“Consider the lilies of the field,” said the speaker at church one Sunday evening, a decade or more ago.
Church pews are not comfortable places to sit and my thoughts about lilies had not been those that Jesus of Nazareth might have wished to inspire. My thoughts about lilies had brought visions of banners at Orange Order marches on the Twelfth of July, banners adorned with bright orange blooms, or pictures of Easter 1916 and the blood and destruction at the GPO in Dublin. Lilies might have been neutral in First Century Palestine, but they could mean all sorts in Ireland.
“Forget the lilies,” I had thought, “try flowers instead”.
“Consider the flowers of the field.”
The tune of Flowers of the Forest came to mind; the lament played by a piper to recall the Scottish dead at the Battle of Flodden in 1513. Thoughts of the lament were followed by thoughts of the song Green Fields of France, inspired by the slaughter of the Western Front, which asks if the pipes played the Flowers of the Forest, and then Joan Baez singing Where have all the flowers gone? None of which were really very helpful to peaceful contemplation.
Flowers wouldn’t do at all.
We had young trees planted in our garden in the summer, three white birches. They seemed much better suited to quiet reflection.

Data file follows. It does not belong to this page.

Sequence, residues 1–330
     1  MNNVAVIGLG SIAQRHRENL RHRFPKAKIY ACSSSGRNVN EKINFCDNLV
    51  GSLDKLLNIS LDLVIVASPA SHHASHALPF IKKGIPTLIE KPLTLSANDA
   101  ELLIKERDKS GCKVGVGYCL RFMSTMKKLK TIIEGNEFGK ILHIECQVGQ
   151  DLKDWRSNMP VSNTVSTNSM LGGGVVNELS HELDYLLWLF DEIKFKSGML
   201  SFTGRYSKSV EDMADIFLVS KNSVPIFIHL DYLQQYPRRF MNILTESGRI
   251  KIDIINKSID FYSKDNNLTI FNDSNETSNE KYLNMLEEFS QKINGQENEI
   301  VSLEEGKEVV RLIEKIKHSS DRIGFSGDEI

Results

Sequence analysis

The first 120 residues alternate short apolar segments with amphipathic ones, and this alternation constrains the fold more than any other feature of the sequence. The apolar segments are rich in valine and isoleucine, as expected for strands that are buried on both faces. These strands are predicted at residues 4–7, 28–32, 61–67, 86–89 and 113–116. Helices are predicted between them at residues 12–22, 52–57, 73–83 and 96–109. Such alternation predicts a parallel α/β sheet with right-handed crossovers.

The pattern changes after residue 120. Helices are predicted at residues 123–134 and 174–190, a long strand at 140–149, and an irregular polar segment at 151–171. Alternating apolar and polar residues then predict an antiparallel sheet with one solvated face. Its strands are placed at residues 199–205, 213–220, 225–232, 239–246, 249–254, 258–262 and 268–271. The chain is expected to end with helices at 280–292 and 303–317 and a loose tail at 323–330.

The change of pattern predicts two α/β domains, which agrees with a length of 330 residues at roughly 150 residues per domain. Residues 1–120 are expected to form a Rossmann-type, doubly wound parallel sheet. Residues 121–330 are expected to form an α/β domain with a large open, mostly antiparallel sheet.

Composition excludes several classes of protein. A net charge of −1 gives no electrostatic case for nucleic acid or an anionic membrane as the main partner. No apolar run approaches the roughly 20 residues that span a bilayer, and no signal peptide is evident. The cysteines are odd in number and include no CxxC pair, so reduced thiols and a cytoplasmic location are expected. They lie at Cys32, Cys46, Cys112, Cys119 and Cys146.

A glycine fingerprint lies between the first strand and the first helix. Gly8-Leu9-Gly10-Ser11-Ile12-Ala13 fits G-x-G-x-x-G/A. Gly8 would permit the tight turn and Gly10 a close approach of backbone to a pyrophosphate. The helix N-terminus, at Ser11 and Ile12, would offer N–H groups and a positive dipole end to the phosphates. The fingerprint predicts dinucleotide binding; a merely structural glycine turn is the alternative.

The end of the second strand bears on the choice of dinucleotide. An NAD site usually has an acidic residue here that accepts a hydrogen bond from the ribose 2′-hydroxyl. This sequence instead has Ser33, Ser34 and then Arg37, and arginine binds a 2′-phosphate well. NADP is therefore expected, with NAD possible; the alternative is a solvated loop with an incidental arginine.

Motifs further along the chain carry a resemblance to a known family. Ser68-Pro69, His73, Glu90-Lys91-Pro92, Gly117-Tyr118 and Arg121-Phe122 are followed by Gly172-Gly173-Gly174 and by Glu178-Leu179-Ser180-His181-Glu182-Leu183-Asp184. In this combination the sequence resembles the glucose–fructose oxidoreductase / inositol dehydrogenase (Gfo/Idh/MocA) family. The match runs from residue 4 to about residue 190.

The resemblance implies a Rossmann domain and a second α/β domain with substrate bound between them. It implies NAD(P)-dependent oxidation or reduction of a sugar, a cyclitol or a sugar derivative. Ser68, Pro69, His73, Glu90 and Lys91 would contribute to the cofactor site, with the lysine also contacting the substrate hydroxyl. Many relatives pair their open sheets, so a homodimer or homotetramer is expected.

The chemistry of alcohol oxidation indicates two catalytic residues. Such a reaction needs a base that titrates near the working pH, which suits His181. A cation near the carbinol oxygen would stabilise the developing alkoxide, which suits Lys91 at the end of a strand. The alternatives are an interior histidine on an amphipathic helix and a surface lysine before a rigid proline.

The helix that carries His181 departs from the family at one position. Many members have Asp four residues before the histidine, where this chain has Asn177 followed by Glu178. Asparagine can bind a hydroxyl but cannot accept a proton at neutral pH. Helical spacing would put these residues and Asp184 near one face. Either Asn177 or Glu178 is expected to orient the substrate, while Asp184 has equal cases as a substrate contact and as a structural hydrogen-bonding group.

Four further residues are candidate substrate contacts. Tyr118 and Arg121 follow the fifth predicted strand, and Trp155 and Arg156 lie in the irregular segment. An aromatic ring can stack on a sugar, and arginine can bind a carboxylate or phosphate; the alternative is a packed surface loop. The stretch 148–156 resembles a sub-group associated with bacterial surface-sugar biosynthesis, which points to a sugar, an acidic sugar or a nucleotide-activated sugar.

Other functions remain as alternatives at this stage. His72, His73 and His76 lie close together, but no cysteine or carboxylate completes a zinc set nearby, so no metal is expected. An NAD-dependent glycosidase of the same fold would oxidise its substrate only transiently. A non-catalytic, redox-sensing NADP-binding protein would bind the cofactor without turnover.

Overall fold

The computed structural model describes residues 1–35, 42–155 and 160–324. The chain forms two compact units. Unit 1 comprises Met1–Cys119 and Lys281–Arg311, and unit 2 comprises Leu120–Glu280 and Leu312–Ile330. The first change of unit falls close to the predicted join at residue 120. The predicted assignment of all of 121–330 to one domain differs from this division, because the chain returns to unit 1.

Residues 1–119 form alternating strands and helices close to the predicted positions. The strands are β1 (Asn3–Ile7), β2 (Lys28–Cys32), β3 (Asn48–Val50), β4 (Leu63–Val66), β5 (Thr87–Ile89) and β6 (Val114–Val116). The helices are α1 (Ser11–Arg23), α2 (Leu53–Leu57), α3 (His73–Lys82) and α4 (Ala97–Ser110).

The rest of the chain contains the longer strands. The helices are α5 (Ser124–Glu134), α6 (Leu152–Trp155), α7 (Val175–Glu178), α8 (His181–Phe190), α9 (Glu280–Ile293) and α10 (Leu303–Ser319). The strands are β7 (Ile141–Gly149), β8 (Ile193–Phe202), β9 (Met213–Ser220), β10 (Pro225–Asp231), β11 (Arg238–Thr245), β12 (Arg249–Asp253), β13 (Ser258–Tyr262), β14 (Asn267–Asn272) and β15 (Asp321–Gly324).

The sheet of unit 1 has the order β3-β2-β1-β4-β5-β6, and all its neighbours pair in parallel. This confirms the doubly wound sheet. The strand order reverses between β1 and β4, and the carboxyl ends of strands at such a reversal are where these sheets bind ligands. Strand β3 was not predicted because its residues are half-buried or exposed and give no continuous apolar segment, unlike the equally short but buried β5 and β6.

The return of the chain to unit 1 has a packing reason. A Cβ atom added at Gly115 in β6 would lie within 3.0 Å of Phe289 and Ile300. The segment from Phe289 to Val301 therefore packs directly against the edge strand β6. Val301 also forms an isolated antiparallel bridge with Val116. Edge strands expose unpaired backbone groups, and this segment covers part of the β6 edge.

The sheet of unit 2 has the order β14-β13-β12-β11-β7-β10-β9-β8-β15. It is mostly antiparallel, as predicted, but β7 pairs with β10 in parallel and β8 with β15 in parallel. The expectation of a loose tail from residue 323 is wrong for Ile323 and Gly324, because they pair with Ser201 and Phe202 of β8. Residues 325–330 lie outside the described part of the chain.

Consider the white birches of the field? Well, consider the white birch outside my window. It’s very thin and frail and I asked the gardener should it not have a stake alongside it.
“No”, he said, “it will bend in the wind and that will drive the roots deep”. A comment which had within it the seeds of thoughts about adversity creating depth. But it wasn’t the picture of the tree swaying in the wind that came to mind, it was the picture of the bag of dried farmyard manure the gardener dug into the soil before planting the tree. Maybe growth always comes through pushing through the waste and decay all around, maybe even the best flowers come from the greatest waste.
A decade on from that Sunday evening, a visit to a garden centre brought an encounter with preparations for the coming spring. Extensive ranges of packets of seeds were on sale, every vegetable seemed to come in numerous varieties. There was an abundance of choice for anyone who might choose to grow carrots. In the short days of midwinter, when colder days are threatened, the seeds seemed a declaration of the triumph of light and hope over darkness and decay.
“Consider the carrot seeds,” might be an appropriate opening line for a preacher.